These three women, Husun Kamil, the daughter of the sun and the moon, and Sitt Yadab, are active members of their society, toying with and becoming masters of the deeply patriarchal rules they must live within. They turn deeply unfair requirements of silence and obedience to their own advantage, whether that advantage be a desired sexual partner in the case of Husun Kamil, mutual respect as an equal of her husband in the case of the daughter of the sun and the moon, or a meaningfully life defined by ethical virtue in the case of Sitt Yadab. And this is all done without explicitly decrying the injustice or arbitrariness of these customs and orders.
Given that these customs and laws are so much a part of the worlds of these stories, some readers might well wonder whether these stories will be unintelligible to an American without any grasp of 20th century Lebanese history. I can tell you this is of no concern. The translator Inea Bushnaq has rendered these tales in an English which echoes the prose of most children’s stories in this language without erasing either the Muslim faith of the storytellers or the Jinns and Ghouls of Arabic spirituality. The stories leap from raucous comedy to delicate melodrama to truly frightening moments of horror; stories filled with astounding magic and talking animals exist side by side with tales featuring nothing more surprising than a young girl who stands for what she wants in the face of masculine petulance. Additionally, there is another entry-point into this collection for the wary American child - many of these stories will be immediately recognizable the stories of Cinderella, Rapunzel or Snow White, shifted and translated into Arabic audience. The Snow White figure, placed into a mysterious sleep by her jealous step-mother, is protected here not by 7 dwarves, but rather by Ali Baba and his 40 thieves, and must sleep until a virtuous sultan speaks a magic phrase to wake her from her slumber. The sultan marries her as his wife and live joyfully together, causing the wicked step-mother to become so angry that she bursts into a thousand pieces! If the stories here require some moments of translation on the part of the listener, we should remember that stories always have. Even the most isolated of rural communities or marginalized populations have taken stories from other cultures or more powerful groups within the same community and reworked them to fit their own needs.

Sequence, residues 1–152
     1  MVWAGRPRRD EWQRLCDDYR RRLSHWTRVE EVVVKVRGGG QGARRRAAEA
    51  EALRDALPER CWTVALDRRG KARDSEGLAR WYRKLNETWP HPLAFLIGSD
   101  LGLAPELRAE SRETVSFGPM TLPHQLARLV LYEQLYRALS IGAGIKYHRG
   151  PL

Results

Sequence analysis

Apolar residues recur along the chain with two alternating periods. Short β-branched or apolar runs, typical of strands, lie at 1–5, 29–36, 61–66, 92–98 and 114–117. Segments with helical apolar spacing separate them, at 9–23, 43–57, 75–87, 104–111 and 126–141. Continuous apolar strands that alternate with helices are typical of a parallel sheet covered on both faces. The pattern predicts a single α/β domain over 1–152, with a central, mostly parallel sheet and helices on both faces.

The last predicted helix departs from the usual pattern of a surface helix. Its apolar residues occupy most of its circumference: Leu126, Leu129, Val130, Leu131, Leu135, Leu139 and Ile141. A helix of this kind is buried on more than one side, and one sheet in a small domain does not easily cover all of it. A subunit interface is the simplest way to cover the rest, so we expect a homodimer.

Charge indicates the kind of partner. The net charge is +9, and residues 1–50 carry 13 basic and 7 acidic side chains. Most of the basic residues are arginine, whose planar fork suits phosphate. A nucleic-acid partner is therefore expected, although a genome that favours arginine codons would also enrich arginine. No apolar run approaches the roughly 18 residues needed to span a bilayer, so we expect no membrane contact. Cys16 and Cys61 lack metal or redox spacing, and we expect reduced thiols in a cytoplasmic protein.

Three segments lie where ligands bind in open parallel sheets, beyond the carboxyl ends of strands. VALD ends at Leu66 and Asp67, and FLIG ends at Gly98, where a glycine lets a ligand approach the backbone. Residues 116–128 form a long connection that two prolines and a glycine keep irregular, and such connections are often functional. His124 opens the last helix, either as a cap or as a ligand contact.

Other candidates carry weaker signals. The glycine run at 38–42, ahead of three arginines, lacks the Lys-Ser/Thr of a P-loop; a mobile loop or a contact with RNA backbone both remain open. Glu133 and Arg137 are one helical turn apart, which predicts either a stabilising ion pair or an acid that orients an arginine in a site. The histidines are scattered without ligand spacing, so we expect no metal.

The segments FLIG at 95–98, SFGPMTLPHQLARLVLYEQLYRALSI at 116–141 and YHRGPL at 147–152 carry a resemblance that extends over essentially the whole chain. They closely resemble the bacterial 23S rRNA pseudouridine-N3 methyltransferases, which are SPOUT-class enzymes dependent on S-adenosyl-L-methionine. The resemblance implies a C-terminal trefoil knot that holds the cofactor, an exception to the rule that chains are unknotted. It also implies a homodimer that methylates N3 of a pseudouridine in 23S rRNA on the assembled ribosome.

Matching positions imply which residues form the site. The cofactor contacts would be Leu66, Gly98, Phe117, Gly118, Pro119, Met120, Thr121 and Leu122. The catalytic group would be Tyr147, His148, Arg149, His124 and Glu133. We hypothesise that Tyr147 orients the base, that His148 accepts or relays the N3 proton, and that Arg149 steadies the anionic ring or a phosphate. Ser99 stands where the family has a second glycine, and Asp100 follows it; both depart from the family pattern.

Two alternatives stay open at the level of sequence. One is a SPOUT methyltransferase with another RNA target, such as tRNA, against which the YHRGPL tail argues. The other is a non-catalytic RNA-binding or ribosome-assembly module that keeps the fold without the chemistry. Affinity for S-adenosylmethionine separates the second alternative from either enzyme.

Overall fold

But the crowning glory of this collection, as well as of the translation by Bushnaq, lies in the farshehs - a rhymed framing device placed before the prose stories in the book. Readers of English fairy tales will be familiar with the phrase “once upon a time”, which tells us that we will now be hearing a story in the half-pretend world of King Arthur or Mother Goose. These tales have an Arabic equivalent which begins most stories proper – the wonderfully conceptual “It was or it was not” – but the farsheh, a word referring to a pillow brought into the center of the living room at the end of the day to create the sleeping space, is a luxurious sequence of rhymed puns, filled with nonsense words and goofy images mixed together into an opening movement to a night of storytelling. The farsheh sometimes primes the listener to what the story will be about, but often is nothing more than an occasion to revel in the talent of the storyteller as the community gathers around to listen to the story. As Khoury describes it in the beginning of the book, “the purpose of the farsheh…is to catch the listeners’ attention and announce that they are heading into an indeterminate elsewhere. ‘This is what the story will lie upon,’ says the storyteller” (13). Bushnaq’s rendition of “The Sun Her Mother The Moon Her Father” reads:
It happened or maybe it didn’t.
Let us tell stories that amuse and delight.
Even if we sleep a little later tonight
Some on pillows stiched with pearls and coral rings;
Some on pillows full of lice and crawling things.” (43)
Whereupon the story begins. Bushnaq describes the farsheh in her introductory text as “the equivalent of a red carpet rolled out for the stories about to be heard” (17). In this book, most of the farshehs are less than six lines long, but when these stories were told live, storytellers could go on at astonishing length, until they nearly ran out of words to rhyme! These tales come to us fully prepared with a joyous and unmistakably oral poetic form attached, whose entire purpose is to ease the audience, whether they be children or adults, whether they speak English or Arabic, into the world of the story, that glorious zone of indeterminate existence found directly between “it was” and “it was not”.